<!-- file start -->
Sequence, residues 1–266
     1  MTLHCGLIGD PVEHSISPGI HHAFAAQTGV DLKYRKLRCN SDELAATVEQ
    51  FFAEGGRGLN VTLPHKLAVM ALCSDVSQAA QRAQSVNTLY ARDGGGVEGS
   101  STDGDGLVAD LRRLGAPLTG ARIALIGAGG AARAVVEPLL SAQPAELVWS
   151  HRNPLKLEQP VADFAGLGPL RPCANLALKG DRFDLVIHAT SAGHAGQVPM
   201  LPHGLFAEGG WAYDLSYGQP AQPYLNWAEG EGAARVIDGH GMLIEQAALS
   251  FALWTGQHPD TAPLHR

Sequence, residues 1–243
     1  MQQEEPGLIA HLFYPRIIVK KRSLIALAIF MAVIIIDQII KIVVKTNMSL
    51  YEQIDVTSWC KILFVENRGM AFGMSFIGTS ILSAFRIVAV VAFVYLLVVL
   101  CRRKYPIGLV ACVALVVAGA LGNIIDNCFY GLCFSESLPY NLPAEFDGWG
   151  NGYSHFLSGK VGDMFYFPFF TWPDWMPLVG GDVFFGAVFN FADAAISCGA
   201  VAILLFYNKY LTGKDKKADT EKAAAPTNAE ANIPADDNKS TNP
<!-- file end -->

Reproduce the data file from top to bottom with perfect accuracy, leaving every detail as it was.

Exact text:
Sequence, residues 1–266
     1  MTLHCGLIGD PVEHSISPGI HHAFAAQTGV DLKYRKLRCN SDELAATVEQ
    51  FFAEGGRGLN VTLPHKLAVM ALCSDVSQAA QRAQSVNTLY ARDGGGVEGS
   101  STDGDGLVAD LRRLGAPLTG ARIALIGAGG AARAVVEPLL SAQPAELVWS
   151  HRNPLKLEQP VADFAGLGPL RPCANLALKG DRFDLVIHAT SAGHAGQVPM
   201  LPHGLFAEGG WAYDLSYGQP AQPYLNWAEG EGAARVIDGH GMLIEQAALS
   251  FALWTGQHPD TAPLHR

Sequence, residues 1–243
     1  MQQEEPGLIA HLFYPRIIVK KRSLIALAIF MAVIIIDQII KIVVKTNMSL
    51  YEQIDVTSWC KILFVENRGM AFGMSFIGTS ILSAFRIVAV VAFVYLLVVL
   101  CRRKYPIGLV ACVALVVAGA LGNIIDNCFY GLCFSESLPY NLPAEFDGWG
   151  NGYSHFLSGK VGDMFYFPFF TWPDWMPLVG GDVFFGAVFN FADAAISCGA
   201  VAILLFYNKY LTGKDKKADT EKAAAPTNAE ANIPADDNKS TNP